Mary, when a judge justifies his sentence against a criminal, is he expressing hostility? God has already judged gays for what they are and what they do. By way of Example, He did something about it. That’s all I repeated. Jesus did not destroy the Law of God.

          Alice, Jesus did not destroy the Law of God. The Law of God remains effective until all be fulfilled.

          You all twist and pervert Scripture in order to accuse me of hostility. You elevate love above judgment and that’s why you have heresy.

          • Lanny A. Eichert June 19, 2012 at 2:59 am

            For verily I say unto you, Till heaven and earth pass, one jot or one tittle shall in no wise pass from the law, till all be fulfilled. {Matthew 5: 18}

          • Mary Vanderplas June 20, 2012 at 6:21 am

            Your statements about gays deserving to die and deserving to be called derogatory names and otherwise treated with contempt are expressions of hostility and ill will.

            You are not the Judge. You do not think or speak or act for God. You are not authorized to make statements about the divine verdict on someone’s life. You are not authorized to declare that anyone has been written off by God.

            What you are called to do as one who (presumably) knows himself to be a forgiven sinner is to love others as God has loved you. “Beloved, since God loved us so much, we also ought to love one another.” (1 John 4:11) This is not “intellectualism”; it is Christianity 101, Christianity at its most fundamental.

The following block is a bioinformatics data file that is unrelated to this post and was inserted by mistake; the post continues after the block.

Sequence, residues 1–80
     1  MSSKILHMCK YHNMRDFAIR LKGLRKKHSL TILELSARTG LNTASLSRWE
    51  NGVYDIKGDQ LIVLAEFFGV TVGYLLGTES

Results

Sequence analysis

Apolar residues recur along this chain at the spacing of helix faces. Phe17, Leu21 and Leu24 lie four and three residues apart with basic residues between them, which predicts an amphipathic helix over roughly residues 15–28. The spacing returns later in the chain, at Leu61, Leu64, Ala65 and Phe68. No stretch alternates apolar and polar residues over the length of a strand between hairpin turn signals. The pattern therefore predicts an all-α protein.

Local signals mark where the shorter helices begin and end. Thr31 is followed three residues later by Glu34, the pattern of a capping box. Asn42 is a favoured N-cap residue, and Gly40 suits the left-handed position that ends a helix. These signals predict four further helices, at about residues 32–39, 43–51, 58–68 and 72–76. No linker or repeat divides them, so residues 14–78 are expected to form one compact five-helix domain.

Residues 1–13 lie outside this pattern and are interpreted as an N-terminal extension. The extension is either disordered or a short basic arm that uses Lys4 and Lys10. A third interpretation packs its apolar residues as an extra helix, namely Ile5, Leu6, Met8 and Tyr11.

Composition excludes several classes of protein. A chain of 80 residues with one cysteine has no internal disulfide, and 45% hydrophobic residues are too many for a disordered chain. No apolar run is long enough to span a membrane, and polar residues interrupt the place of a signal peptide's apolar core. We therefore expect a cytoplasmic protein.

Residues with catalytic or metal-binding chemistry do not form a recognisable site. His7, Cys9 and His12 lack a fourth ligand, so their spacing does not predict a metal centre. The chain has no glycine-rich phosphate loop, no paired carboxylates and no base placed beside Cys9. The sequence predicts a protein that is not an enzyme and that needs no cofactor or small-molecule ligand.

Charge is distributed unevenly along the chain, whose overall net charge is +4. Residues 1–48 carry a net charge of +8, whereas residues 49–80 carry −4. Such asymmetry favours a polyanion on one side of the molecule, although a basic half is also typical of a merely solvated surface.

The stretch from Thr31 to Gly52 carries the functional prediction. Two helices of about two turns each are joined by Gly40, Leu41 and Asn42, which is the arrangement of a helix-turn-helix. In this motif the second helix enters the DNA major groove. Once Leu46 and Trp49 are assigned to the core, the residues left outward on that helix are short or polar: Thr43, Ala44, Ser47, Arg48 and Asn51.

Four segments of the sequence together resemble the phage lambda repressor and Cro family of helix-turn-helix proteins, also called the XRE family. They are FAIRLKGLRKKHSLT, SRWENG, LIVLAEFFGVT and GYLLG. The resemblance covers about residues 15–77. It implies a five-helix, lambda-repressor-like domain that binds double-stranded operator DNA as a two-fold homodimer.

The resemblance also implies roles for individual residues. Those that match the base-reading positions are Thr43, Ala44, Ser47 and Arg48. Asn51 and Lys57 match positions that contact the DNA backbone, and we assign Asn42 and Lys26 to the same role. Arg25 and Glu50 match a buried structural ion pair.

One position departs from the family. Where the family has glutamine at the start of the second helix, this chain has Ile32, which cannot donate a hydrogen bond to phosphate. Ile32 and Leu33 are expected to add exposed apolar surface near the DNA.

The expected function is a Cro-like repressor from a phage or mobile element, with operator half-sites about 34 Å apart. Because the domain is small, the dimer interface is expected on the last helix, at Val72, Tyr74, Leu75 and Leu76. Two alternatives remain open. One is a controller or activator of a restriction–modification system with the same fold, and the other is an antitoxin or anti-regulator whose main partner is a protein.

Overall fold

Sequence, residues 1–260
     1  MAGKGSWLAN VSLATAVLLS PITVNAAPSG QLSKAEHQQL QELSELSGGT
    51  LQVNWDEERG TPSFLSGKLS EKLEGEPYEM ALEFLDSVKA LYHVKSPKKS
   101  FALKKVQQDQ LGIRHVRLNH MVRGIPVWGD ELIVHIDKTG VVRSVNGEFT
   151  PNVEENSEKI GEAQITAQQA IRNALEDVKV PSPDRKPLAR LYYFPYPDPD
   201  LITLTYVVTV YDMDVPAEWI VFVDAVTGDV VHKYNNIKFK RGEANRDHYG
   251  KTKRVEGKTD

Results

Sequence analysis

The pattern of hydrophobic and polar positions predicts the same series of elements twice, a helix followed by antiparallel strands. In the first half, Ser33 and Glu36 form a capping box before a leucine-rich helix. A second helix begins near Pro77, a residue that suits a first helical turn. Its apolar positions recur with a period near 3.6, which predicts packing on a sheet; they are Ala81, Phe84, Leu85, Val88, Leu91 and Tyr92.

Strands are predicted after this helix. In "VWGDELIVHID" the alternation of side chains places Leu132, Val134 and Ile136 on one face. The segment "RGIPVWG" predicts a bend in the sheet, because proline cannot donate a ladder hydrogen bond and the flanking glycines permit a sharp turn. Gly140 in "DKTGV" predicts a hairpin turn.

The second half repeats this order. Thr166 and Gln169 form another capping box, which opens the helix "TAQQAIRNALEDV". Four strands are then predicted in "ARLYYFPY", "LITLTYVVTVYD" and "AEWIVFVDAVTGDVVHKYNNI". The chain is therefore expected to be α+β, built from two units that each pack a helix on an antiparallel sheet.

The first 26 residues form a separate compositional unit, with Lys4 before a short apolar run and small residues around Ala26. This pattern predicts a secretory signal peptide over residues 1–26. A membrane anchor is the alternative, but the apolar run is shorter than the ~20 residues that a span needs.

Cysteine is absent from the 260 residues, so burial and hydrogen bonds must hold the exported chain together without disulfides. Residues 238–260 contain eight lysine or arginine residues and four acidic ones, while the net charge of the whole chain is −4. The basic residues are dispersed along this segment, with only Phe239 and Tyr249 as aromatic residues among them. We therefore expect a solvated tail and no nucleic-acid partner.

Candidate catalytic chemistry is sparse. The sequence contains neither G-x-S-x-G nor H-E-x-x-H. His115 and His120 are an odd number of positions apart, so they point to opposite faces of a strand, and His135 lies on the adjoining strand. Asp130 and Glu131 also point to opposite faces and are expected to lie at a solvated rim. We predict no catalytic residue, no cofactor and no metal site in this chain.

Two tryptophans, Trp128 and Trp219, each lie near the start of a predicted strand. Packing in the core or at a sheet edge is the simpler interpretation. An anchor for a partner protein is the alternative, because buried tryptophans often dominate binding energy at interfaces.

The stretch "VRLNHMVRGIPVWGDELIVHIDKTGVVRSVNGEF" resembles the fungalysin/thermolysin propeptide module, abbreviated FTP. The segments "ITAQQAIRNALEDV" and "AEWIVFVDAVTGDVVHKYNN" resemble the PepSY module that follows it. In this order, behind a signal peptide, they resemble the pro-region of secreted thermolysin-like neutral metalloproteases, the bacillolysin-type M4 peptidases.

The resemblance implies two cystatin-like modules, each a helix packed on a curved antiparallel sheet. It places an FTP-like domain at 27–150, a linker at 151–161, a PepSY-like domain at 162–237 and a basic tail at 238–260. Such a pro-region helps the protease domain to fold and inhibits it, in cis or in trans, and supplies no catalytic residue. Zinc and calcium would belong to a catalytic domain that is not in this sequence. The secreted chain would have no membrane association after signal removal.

• Lanny A. Eichert June 20, 2012 at 9:11 pm

              Mary, 1 John 4:11 is written to saints about saints, not the unregenerate, degenerate, depraved. Saints are called to absolutely hate sins and be at emnity with the world {1 John 2: 15 – 17}.

              Saints are instructed: Be ye not unequally yoked together with unbelievers: for what fellowship hath righteousness with unrighteousness? and what communion hath light with darkness? And what concord hath Christ with Belial? or what part hath he that believeth with an infidel? And what agreement hath the temple of God with idols? for ye are the temple of the living God; as God hath said, I will dwell in them, and walk in them; and I will be their God, and they shall be my people. Wherefore come out from among them, and be ye separate, saith the Lord, and touch not the unclean thing; and I will receive you, And will be a Father unto you, and ye shall be my sons and daughters, saith the Lord Almighty. {2 Corinthians 6: 14 – 18} Even through James, God tell us who are saints: know ye not that the friendship of the world is enmity with God? whosoever therefore will be a friend of the world is the enemy of God. {James 4: 4}